The Spanish Government has authorised satellite telecommunications operator Sateliot to begin developing 5G-IoT communications from space. The permission, obtained through the government’s Ministry of Economic Affairs and Digital Transformation (Mineco) division, is provisional and aims to allow different terrestrial terminals located at different points in the peninsular to connect to the signal emitted by a satellite launched by the telecom operator last March.
Testing the 5G-IoT space communication technology
Sateliot is due to begin testing its technology in real-world environments through collaborations with companies such as its partner Alen Space and the Institut d’Estudis Espacials de Catalunya (IEEC), which will help develop Sateliot’s use cases. Other organisations will also be involved in the project.
Discussing the authorisation, Jaume Sanpera, CEO of Sateliot, said: “The authorisation we have received from the Ministry allows our project to start the testing phase, which will begin to materialise in the coming weeks in Spain and will be extended to the rest of the world in the coming months to reach its full development and commercial operation in 2023.”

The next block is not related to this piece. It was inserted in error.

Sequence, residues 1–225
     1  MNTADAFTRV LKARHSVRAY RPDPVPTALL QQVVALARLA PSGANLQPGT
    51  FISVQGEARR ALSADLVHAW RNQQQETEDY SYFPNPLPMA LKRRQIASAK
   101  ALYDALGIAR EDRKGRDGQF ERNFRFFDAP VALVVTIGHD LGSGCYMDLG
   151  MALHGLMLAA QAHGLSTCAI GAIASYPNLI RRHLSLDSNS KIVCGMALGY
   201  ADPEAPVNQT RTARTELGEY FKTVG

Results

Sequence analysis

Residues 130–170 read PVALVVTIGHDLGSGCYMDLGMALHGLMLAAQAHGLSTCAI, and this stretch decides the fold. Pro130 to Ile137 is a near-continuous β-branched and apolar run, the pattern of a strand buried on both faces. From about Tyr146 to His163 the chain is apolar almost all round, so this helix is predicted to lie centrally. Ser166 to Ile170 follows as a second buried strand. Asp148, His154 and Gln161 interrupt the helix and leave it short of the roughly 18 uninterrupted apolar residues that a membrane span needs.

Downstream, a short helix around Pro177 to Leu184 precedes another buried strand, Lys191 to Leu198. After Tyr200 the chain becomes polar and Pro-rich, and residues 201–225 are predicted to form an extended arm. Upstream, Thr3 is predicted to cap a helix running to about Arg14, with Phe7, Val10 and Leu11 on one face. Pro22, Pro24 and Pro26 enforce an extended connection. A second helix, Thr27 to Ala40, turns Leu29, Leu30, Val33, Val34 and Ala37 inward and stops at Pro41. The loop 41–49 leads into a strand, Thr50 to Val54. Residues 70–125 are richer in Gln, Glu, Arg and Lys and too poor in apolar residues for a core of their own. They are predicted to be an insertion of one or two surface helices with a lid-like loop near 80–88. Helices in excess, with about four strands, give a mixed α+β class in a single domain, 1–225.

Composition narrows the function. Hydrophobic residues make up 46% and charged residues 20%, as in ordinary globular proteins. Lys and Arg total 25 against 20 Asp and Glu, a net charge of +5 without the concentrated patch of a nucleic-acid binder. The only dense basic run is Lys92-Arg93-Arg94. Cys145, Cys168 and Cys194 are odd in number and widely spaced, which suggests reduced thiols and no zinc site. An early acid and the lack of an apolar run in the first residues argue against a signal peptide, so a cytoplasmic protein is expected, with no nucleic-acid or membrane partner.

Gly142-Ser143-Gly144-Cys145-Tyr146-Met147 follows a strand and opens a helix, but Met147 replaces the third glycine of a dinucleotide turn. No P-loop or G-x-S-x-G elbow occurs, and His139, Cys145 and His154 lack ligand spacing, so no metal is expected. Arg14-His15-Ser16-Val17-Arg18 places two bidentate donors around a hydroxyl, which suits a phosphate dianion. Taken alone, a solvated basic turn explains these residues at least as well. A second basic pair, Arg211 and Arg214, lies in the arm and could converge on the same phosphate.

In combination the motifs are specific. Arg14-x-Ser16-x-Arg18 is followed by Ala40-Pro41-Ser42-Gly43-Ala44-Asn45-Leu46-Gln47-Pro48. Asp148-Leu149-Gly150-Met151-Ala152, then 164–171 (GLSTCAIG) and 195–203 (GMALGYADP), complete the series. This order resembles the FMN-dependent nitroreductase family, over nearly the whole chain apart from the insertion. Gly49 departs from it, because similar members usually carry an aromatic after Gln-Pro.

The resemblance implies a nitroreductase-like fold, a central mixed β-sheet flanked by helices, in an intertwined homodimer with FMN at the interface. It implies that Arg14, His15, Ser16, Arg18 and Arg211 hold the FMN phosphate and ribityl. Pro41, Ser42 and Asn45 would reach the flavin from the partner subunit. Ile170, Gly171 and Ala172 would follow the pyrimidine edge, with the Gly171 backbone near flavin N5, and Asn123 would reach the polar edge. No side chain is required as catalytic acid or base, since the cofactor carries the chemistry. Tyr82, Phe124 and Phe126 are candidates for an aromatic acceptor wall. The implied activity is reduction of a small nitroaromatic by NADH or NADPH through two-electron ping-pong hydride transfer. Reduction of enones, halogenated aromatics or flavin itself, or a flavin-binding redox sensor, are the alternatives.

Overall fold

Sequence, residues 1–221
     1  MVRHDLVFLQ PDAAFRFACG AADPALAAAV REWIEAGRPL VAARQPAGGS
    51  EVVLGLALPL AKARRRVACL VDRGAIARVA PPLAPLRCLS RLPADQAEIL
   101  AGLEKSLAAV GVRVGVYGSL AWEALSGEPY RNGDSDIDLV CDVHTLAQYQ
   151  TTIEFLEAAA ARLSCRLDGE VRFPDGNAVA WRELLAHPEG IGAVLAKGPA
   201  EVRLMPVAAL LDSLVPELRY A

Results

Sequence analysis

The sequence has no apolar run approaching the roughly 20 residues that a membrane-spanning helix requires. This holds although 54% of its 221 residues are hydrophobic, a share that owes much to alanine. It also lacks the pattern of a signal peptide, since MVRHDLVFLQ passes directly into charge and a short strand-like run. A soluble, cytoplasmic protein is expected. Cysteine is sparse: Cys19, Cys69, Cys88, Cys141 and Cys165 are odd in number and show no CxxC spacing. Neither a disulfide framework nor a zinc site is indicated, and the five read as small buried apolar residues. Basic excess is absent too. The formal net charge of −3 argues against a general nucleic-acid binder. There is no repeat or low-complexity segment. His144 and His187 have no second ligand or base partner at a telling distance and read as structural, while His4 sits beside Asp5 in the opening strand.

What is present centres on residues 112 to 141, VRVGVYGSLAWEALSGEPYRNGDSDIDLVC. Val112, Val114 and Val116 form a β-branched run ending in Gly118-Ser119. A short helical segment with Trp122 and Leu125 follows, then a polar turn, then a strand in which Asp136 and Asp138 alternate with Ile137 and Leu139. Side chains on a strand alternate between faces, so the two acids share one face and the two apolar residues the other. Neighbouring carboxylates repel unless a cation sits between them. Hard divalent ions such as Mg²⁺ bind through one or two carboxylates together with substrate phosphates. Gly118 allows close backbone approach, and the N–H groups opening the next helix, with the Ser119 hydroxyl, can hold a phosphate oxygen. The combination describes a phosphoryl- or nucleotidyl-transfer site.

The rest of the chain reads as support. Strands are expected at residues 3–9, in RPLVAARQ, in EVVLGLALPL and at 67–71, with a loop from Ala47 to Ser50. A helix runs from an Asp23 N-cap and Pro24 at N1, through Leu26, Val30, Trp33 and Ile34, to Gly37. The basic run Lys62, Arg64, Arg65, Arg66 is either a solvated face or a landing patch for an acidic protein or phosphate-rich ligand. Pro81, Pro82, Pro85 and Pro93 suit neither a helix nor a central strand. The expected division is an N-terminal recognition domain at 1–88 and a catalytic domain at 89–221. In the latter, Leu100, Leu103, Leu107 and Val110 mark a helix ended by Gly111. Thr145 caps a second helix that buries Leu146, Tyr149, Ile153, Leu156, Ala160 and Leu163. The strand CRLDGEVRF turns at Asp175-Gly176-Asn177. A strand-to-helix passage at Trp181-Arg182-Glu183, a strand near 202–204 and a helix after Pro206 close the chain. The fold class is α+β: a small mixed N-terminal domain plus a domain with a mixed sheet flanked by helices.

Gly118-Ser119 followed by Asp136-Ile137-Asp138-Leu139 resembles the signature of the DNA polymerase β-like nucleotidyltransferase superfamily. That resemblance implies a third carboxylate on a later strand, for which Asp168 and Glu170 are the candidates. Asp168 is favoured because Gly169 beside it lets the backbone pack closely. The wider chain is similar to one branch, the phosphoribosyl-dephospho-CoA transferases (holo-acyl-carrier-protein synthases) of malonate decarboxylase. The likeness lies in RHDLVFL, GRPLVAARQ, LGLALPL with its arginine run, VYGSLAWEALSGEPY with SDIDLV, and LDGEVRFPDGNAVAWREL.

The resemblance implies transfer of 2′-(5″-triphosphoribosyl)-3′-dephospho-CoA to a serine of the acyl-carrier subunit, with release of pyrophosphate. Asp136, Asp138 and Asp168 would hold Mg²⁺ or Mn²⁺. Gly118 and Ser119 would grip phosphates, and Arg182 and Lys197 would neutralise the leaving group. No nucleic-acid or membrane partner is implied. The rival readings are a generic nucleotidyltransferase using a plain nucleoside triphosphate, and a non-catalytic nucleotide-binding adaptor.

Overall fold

Once testing is completed in the coming months, the results aim to provide Sateliot with information about the evolution and design of its nanosatellite constellation due to be operational in 2023.
Following the attainment of the authorisation, Sateliot has begun taking the first steps to receiving the relevant licensing in the United States, Brazil, and France. Satellite operators such as Sateliot are required to have licensing for each country in which they are looking to operate.
Sateliot is the first satellite telecommunications operator to provide global and continuous connectivity to the Internet of Things (IoT) universe. Thanks to a constellation of state-of-the-art nanosatellites located at low altitude and acting as mobile towers from space, Sateliot provides large telecommunications companies with infrastructure to extend their coverage that can’t be reached by terrestrial technologies.